Travel Texas: Big hats, big park, big welcome
The Lone Star state is known for extremes, and extremists.
One of the country’s most respected commentators on Russia, the EU and the US, Mary Dejevsky has worked as a foreign correspondent all over the world, including Washington, Paris and Moscow. A former diplomatic editor and chief leader writer at The Independent, she now writes a weekly column and makes regular contributions to UK and international radio and television. She is a member of the international foreign affairs think-tank, Chatham House, the Valdai Group of international Russia specialists and the Franco-British Council. She also sits on the advisory board of the School of Slavonic and East European Studies at University College London.
Saturday 08 May 1999
After two and a half weeks touring Texas by car, we can both give any number of reasons for going there; from the splendour of the landscape, through the monuments of history to the hospitality of the Texans. Now, when we see the Lone Star flag on a car or lorry, we even feel like waving in solidarity.
Our route started and finished in Houston, our furthest destination the Big Bend National Park and the Spanish mission churches of El Paso. The aim was to stick where possible to less-travelled roads and, that is what we did: no skyscrapers or major art galleries; no Austin, no Dallas, no Kennedy memorabilia, no JR, no Waco and no Houston, except for a half- crescent of the Houston's outer ring-road - a multi-lane monster. In other words, no big cities, bar a detour or two into San Antonio.
Beware San Antonio. It is one of the fastest-growing metropolitan areas in the US, and the signposts have not kept pace.
The central area is relatively small, mostly pedestrianised and it can also be very crowded, especially the famed river walk, a shady promenade of charming views, lined with small shops and - mostly Mexican - restaurants.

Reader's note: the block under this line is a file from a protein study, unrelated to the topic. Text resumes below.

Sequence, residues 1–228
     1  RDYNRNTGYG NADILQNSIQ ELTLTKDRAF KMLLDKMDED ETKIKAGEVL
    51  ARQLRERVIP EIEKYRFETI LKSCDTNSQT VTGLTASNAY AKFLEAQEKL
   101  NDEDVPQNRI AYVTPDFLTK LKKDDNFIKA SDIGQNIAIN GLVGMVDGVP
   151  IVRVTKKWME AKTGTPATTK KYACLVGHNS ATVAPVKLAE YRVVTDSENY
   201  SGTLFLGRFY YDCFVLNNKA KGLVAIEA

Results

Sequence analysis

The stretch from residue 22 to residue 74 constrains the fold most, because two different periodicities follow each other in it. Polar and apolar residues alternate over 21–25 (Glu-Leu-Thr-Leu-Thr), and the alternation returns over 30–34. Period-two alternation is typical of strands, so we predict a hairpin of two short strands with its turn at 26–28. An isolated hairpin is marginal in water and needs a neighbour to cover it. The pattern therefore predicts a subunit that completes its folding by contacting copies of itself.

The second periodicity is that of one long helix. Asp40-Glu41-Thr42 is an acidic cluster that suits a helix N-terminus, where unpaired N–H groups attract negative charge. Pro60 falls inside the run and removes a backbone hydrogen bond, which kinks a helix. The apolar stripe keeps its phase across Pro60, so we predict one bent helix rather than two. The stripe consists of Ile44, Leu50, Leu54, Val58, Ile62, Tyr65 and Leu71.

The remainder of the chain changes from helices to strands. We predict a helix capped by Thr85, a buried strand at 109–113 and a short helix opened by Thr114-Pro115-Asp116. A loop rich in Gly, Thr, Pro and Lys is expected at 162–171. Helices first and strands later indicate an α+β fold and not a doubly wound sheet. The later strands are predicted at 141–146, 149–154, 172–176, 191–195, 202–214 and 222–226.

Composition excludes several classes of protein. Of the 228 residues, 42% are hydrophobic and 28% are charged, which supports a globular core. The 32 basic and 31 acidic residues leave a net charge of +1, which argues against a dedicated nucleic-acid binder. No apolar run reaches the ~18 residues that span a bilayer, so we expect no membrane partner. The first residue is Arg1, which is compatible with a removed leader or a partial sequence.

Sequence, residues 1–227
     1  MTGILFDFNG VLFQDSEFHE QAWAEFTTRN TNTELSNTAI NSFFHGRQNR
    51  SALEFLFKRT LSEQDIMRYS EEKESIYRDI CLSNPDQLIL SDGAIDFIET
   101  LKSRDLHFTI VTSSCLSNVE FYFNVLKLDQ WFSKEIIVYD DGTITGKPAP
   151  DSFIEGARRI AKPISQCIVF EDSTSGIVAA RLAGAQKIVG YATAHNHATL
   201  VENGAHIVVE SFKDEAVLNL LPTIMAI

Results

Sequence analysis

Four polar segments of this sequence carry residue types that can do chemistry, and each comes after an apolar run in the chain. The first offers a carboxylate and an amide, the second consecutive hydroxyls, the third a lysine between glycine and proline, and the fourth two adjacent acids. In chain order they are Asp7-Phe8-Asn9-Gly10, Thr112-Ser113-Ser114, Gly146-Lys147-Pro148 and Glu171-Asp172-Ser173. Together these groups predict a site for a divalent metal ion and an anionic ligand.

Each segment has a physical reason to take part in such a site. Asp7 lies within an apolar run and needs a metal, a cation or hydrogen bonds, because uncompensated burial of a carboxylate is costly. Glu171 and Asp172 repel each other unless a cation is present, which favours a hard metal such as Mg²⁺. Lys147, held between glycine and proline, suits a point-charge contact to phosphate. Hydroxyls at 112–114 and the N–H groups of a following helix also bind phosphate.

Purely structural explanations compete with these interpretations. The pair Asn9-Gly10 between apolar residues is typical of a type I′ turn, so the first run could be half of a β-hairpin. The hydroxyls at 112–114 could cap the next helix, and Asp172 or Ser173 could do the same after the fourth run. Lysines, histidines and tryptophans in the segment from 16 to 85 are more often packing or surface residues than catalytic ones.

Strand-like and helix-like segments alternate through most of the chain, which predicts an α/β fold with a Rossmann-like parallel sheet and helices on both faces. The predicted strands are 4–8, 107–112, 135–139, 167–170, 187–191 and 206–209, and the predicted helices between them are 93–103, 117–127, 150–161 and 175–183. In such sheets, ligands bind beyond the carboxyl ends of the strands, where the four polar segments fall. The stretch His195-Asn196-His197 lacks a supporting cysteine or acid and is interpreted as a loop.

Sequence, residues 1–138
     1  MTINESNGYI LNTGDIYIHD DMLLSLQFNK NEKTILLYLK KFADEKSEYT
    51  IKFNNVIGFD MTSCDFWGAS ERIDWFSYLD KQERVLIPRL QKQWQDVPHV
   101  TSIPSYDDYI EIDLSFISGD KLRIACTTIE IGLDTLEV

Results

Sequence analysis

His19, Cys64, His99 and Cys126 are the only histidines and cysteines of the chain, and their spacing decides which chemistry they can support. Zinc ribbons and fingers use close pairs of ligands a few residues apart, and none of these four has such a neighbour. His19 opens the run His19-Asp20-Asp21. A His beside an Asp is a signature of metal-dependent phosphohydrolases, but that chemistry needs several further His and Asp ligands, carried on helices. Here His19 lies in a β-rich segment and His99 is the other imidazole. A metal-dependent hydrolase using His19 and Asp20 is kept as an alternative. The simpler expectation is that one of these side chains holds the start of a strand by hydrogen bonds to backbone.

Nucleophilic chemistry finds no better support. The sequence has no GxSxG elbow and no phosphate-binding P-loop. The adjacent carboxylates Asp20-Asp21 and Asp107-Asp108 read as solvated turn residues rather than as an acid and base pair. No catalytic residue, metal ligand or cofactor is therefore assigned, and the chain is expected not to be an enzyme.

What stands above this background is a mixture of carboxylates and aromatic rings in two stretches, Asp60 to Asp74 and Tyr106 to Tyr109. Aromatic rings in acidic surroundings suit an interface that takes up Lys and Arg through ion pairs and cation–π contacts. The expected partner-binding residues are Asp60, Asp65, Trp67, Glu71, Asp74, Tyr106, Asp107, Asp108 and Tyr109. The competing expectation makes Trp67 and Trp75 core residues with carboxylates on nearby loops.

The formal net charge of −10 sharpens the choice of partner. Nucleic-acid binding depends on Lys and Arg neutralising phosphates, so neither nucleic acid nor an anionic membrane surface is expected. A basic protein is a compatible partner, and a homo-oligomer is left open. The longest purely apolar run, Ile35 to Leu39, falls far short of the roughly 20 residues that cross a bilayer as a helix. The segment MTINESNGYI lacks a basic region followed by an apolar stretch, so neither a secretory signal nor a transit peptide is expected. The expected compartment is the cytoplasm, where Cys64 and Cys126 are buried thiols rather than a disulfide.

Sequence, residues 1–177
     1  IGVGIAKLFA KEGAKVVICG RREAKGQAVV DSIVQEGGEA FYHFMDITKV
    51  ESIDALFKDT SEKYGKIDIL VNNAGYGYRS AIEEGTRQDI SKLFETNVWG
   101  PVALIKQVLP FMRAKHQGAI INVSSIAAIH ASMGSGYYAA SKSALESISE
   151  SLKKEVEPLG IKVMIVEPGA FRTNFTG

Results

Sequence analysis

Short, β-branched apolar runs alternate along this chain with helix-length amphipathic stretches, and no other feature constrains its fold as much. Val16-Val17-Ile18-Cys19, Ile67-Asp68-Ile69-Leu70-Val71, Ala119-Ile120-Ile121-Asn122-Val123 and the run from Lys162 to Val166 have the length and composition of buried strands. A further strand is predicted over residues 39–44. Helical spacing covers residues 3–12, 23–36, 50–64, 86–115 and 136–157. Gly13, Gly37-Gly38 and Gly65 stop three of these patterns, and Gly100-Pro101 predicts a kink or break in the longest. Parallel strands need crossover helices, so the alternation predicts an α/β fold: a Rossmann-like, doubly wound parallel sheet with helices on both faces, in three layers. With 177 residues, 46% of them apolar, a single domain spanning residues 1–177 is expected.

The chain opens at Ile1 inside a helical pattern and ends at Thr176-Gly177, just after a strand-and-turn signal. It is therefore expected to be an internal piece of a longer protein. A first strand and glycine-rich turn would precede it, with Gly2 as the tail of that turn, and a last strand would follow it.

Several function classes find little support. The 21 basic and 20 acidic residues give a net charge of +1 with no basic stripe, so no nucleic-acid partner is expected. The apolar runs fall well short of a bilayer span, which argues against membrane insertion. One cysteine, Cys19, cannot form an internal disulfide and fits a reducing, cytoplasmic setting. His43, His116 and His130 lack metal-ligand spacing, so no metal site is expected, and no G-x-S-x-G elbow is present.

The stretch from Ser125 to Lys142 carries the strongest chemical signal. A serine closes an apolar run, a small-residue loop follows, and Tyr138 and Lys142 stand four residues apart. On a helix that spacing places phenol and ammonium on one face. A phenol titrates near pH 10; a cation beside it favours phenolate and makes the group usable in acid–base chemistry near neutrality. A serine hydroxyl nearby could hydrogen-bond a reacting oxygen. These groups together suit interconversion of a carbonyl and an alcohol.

The Alamo itself, complete with bullet marks in the massive doors, is a shrine - there is no other word - to Davy Crockett, Jim Bowie and the rest, whose last stand against Mexican power has been thoroughly absorbed into the all-American myth of freedom and nation-forging. For Texans, the Alamo is also a shrine to a failed bid for Texan independence that still brings tears to the eyes of grown men in cowboy boots and 10-gallon hats.
An easy day's drive from San Antonio is a series of "twin towns" that straddle the Mexican border. We chose Del Rio because of its frequent bus service across the Rio Grande into Ciudad Acuna on the Mexican side (the bus means no awkward questions about the validity of your car insurance in Mexico). Del Rio is a quiet, sleepy, Texan town, with a school, a small shopping centre and spacious streets of modest houses, but from the moment you step onto the almost armoured bus to cross the river, you are in another world.
Just minutes from an outpost of the richest country in the world, you arrive in an impoverished townscape where everything - the streets, the buildings and even the cars - need repair. You find yourself asking whether drinking water should be boiled, checking your supply of instant diarrhoea cure and your vaccination certificates.
From a country where every store and factory seems to have posted "help wanted" signs, you have entered one where legions of young and not-so- young men sit around with nothing to do.
You pick your way along uneven pavements, scan the giant pots and tilework that Americans come to buy, and pick up a taco or an ice-cream for a paltry sum. Then you board the return bus almost guiltily, realising that this brief journey between worlds is a privilege barred to most of those on the southern side.
The thought crosses your mind: if fate had placed you on the other side, what would you do to cross over? Would you even know what was there?